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Tuesday, August 11, 2015

Free Will Skepticism and Criminal Behavior: A Public Health-Quarantine Model

Gregg D. Caruso
[Draft 6/11/2015]
[Cite final version: Southwest Philosophy Review 2016, 32 (1)]

One of the most frequently voiced criticisms of free will skepticism is that it is unable to
adequately deal with criminal behavior and that the responses it would permit as justified are
insufficient for acceptable social policy. This concern is fueled by two factors. The first is that
one of the most prominent justifications for punishing criminals, retributivism, is incompatible
with free will skepticism. The second concern is that alternative justifications that are not ruled
out by the skeptical view per se face significant independent moral objections (Pereboom 2014,
153). Yet despite these concerns, I maintain that free will skepticism leaves intact other ways to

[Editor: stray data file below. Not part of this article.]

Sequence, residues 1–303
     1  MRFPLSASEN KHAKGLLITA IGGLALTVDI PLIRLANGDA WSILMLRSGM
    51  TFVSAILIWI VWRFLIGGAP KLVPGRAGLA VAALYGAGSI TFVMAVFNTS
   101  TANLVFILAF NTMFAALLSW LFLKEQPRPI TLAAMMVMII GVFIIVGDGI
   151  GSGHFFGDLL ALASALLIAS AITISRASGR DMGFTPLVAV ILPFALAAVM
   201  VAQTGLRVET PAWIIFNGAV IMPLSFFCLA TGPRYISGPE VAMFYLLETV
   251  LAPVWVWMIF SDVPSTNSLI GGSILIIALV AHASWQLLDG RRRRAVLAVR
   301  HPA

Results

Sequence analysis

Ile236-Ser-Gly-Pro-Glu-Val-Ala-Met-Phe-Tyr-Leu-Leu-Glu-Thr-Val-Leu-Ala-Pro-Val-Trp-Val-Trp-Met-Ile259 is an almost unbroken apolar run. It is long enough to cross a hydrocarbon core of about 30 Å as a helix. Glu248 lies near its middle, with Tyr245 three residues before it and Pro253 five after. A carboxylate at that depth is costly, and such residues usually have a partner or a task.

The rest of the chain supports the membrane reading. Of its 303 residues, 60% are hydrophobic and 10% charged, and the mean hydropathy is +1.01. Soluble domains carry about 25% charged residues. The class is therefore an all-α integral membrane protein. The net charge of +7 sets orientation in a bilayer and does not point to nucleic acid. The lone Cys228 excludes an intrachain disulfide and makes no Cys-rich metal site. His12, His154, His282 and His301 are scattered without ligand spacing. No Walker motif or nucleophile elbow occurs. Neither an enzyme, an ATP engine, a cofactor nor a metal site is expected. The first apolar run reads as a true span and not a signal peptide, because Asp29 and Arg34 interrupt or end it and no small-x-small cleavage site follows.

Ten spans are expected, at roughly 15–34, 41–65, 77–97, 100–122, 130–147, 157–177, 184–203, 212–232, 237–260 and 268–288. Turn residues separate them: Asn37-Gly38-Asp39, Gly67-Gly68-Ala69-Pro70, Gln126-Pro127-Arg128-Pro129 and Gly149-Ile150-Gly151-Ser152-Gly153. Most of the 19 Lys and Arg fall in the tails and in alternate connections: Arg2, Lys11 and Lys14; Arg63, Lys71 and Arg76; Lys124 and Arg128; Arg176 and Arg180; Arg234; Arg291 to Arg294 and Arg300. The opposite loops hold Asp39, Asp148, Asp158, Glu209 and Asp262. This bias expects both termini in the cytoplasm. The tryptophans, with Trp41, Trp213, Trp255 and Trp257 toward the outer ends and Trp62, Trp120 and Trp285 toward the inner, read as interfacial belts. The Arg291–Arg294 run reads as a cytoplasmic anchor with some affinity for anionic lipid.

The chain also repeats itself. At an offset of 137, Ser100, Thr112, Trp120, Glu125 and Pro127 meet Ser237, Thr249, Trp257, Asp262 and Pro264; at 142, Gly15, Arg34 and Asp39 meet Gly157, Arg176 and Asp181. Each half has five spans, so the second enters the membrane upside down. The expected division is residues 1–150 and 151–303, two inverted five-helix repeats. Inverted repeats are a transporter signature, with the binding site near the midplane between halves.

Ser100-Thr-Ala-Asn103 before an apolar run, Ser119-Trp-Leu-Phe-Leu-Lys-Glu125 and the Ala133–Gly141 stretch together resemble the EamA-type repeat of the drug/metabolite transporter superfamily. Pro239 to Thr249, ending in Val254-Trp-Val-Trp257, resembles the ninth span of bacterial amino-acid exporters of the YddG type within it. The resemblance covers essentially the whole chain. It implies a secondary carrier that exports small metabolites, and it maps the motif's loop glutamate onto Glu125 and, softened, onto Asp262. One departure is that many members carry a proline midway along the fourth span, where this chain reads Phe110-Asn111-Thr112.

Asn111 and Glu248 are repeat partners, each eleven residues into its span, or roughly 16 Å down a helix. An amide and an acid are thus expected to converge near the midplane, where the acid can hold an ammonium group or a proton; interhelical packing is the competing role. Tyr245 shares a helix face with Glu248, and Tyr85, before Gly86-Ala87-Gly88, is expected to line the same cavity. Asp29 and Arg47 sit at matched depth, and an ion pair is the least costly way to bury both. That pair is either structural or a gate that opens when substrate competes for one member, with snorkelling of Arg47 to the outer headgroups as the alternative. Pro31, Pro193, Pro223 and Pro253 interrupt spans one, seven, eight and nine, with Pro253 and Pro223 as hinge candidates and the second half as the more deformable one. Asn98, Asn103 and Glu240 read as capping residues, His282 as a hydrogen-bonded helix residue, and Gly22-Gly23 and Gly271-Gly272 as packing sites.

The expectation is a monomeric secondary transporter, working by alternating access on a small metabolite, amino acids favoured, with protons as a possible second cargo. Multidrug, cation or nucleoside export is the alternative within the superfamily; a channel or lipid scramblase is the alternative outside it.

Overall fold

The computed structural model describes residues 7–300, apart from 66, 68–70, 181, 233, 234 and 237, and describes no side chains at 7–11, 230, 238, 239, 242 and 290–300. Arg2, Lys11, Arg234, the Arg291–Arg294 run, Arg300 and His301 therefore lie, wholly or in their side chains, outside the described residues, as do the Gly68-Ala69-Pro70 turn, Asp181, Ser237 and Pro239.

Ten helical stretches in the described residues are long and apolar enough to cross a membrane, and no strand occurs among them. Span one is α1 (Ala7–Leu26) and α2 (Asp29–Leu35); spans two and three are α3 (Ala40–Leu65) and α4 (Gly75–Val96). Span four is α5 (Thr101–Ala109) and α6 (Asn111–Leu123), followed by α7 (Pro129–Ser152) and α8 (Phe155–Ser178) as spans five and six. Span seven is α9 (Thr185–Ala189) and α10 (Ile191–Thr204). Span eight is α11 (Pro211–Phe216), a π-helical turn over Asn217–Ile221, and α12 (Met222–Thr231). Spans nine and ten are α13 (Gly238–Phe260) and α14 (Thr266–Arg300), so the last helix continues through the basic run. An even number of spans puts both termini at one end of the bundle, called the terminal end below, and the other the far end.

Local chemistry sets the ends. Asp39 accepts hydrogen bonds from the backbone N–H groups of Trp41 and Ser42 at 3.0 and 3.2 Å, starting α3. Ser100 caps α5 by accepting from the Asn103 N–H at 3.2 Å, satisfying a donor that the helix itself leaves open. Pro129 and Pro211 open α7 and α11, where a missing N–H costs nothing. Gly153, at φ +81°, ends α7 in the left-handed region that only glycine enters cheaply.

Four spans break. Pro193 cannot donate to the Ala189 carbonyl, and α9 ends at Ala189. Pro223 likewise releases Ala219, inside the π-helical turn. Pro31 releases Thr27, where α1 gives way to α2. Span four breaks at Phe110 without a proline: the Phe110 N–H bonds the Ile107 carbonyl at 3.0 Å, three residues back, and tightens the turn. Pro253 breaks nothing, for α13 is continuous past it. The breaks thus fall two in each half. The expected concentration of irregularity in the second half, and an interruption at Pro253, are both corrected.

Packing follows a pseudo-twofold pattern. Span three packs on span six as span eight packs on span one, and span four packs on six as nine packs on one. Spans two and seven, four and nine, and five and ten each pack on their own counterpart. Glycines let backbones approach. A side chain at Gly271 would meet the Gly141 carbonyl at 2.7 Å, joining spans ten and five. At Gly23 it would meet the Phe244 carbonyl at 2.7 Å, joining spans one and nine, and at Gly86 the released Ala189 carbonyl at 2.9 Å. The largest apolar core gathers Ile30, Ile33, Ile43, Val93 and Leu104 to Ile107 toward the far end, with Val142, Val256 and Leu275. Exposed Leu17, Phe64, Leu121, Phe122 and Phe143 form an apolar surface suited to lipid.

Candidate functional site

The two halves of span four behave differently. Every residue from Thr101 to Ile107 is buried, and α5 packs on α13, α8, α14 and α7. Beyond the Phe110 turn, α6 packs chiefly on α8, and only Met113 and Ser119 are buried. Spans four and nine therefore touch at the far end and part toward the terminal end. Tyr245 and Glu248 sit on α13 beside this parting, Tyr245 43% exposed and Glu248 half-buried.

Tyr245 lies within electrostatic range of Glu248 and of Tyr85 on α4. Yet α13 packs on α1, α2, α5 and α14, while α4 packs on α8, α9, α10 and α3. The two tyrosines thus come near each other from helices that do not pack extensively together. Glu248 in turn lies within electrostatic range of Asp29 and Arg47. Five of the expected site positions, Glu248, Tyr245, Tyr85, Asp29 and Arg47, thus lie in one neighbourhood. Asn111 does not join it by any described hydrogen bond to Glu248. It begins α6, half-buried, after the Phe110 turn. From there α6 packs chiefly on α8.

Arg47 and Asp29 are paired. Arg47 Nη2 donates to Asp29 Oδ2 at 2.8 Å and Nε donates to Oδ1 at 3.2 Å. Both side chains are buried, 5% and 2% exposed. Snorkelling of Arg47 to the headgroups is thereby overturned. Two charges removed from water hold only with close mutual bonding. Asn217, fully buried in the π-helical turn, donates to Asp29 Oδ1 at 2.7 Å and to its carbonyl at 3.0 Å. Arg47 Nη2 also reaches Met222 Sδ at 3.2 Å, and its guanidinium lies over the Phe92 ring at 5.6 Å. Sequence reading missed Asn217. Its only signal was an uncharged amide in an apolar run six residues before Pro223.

respond to criminal behavior—in particular preventive detention, rehabilitation, and alteration of
relevant social conditions—and that these methods are both morally justifiable and sufficient for
good social policy. The position I defend is similar to Derk Pereboom’s (2001, 2013, 2014),
taking as its starting point his quarantine analogy, but it sets out to develop the quarantine model
within a broader justificatory framework drawn from public health ethics. The resulting model—
which I call the public health-quarantine model—provides a framework for justifying quarantine
and criminal sanctions that is more humane than retributivism and preferable to other nonretributive
alternatives. It also provides a broader approach to criminal behavior than Pereboom’s
quarantine analogy does on its own.

The entire paper is here.
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